I confess the book lost my attention in the final third. I felt like I had understood enough, so I skimmed. I enjoyed reading it, even though I do not ordinarily like American family drama novels (I live it, what’s the point of reading it?). This is a quiet, meditative family drama. Unusual in that the characters are regular intelligent people (rather than Franzen-Eggers types) leading everyday lives. Their mental life is rich, but normally rich. The writing is what makes you continue to read, because Cunningham has here a style that I found interesting and hard to put my finger on. New York Times reviewer says Woolfian… I don’t know enough to say yes that is it… but I did appreciate that the writing style was complex and interesting.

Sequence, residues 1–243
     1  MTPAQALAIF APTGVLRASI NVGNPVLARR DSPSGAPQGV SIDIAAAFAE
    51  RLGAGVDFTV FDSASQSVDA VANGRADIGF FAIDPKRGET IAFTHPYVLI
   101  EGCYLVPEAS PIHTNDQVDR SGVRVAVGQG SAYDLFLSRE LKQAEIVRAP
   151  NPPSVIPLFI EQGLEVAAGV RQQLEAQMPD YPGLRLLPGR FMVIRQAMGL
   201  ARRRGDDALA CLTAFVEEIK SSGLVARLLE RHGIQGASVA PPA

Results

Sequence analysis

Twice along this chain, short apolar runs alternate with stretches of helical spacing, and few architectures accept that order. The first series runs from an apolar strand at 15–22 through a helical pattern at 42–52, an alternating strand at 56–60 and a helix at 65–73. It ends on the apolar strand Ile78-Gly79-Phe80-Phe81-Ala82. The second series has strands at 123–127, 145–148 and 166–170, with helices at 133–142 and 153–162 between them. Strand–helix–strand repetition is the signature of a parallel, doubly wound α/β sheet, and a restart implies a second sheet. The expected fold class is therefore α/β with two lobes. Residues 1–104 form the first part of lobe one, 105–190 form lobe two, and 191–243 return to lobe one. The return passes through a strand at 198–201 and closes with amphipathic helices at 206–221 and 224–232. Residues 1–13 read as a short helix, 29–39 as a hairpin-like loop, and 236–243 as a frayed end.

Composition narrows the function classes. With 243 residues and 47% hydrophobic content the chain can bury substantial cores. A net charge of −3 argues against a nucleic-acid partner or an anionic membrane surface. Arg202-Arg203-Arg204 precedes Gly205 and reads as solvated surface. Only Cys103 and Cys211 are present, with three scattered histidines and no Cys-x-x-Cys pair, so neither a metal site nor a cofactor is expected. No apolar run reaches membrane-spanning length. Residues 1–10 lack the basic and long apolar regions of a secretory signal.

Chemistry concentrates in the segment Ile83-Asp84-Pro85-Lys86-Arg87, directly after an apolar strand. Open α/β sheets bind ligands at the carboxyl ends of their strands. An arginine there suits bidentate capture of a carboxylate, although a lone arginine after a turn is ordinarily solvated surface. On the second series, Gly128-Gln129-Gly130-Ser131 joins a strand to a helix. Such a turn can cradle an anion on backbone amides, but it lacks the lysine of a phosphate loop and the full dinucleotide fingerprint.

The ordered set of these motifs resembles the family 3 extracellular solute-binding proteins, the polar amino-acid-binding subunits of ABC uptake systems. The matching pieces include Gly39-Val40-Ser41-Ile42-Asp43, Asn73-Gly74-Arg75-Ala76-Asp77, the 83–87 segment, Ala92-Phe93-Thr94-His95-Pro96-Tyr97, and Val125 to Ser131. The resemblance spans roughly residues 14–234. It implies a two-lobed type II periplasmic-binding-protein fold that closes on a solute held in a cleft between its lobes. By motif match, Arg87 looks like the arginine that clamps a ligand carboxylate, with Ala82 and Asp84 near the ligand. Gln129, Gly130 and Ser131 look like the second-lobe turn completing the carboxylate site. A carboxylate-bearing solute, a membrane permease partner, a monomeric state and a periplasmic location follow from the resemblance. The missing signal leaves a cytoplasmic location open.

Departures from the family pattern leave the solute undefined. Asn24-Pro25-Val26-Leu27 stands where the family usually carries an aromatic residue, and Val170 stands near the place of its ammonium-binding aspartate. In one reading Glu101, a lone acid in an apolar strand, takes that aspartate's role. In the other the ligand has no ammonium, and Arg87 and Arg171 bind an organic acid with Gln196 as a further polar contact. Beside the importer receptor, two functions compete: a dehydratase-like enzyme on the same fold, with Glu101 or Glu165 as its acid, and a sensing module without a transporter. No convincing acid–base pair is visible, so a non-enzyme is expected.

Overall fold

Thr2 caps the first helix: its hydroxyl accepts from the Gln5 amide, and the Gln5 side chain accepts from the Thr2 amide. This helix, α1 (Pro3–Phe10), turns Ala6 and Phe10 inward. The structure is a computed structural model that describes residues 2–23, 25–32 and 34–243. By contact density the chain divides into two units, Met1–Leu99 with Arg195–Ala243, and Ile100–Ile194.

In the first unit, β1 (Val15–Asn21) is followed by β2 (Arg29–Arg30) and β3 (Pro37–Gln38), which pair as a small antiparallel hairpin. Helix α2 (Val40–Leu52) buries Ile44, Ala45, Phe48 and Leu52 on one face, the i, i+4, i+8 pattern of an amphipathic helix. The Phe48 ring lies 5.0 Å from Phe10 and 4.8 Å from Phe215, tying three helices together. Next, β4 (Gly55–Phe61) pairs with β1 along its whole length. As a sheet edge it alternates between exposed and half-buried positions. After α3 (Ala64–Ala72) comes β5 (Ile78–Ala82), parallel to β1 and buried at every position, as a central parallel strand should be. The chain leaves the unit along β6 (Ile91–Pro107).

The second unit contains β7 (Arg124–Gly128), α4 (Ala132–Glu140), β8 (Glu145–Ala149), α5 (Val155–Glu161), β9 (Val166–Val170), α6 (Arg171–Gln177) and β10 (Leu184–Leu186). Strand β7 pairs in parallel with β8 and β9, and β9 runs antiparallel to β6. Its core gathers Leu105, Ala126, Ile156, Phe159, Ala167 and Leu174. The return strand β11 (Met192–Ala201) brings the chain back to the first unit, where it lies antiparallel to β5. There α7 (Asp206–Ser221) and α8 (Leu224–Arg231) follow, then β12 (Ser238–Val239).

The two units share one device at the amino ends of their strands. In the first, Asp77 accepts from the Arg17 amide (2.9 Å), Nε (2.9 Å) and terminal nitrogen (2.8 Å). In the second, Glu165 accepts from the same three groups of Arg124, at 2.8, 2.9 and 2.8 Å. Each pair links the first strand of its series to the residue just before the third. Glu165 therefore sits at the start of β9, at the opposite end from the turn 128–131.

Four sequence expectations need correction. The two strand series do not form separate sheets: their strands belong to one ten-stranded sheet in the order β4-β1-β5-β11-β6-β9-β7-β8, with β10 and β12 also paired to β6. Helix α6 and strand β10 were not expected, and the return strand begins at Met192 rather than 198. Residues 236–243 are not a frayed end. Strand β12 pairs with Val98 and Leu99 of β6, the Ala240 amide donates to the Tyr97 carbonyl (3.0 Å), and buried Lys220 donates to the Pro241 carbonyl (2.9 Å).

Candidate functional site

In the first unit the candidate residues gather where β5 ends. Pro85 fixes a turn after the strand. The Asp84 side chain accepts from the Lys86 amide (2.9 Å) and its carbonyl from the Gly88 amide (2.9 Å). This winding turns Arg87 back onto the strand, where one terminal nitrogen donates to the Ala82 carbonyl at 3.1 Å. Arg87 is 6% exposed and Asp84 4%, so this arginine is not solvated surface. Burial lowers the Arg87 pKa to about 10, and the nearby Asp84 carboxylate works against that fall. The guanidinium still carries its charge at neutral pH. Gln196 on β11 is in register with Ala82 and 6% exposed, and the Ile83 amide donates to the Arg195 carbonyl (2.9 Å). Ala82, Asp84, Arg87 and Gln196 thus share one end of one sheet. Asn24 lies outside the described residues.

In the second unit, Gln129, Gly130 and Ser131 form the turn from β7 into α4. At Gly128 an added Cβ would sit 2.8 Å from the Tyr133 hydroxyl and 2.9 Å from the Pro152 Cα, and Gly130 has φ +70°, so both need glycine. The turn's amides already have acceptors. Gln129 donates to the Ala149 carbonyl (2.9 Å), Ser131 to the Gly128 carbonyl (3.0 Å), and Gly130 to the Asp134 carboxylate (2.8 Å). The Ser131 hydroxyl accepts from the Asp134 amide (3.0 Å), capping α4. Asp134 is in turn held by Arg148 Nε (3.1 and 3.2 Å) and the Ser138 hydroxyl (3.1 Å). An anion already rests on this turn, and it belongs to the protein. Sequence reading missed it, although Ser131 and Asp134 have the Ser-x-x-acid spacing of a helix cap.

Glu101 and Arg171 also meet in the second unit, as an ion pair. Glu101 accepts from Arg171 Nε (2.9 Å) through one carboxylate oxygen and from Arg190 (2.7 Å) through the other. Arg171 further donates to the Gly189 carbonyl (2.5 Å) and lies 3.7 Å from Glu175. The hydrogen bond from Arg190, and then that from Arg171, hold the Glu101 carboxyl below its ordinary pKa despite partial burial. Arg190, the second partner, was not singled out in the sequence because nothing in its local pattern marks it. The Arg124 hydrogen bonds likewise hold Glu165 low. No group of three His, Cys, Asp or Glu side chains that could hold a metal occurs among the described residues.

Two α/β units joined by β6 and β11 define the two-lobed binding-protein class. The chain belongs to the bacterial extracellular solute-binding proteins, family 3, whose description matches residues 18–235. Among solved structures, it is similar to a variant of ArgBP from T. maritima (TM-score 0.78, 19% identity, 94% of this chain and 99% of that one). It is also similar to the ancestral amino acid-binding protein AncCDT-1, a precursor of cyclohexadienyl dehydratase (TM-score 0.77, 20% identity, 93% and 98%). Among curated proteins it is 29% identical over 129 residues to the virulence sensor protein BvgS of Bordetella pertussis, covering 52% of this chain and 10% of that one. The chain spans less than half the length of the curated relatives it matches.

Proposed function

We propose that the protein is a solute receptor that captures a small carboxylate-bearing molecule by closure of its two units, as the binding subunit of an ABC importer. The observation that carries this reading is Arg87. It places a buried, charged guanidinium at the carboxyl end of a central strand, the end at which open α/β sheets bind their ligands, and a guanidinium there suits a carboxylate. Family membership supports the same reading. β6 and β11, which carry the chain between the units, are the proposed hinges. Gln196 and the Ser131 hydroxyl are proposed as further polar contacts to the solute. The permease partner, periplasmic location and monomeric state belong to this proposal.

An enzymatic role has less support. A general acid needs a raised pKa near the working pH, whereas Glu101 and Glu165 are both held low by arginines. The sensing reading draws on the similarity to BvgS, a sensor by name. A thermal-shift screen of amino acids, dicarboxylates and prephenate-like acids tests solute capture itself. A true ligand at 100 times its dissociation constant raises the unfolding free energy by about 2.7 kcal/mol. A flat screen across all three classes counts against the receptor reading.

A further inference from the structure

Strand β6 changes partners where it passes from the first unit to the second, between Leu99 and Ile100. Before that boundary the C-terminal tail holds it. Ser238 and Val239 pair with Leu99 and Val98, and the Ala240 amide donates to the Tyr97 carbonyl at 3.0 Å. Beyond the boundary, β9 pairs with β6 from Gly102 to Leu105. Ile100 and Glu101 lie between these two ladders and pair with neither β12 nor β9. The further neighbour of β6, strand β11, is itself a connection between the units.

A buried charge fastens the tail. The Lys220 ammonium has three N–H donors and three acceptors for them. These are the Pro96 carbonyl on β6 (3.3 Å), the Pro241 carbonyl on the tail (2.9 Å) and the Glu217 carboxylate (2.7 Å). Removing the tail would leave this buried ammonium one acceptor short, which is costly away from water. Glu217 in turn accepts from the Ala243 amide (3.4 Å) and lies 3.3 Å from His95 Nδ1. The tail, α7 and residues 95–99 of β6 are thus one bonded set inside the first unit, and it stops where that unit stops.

The brothers have been close since their mother’s sudden death (golf, lightning) years ago. These motherless boys, so gifted in their youth, have become middle-aged without ever quite finding their vocations or making a go of their talents. Barrett, “who’d seemed for so long to be the magical child,” developed an array of “languid capabilities (he can recite more than a hundred poems; he knows enough about Western philosophy to do a lecture series, should anyone ask him to”), but never “the ability to choose, and persist.” Tyler, blessed with “athletic ease” and a “singular gift for music” as a boy, has become, at 43, “an unknown musician,” tending his dying girlfriend in a dingy apartment with slanting floors in the depths of ungentrified Bushwick.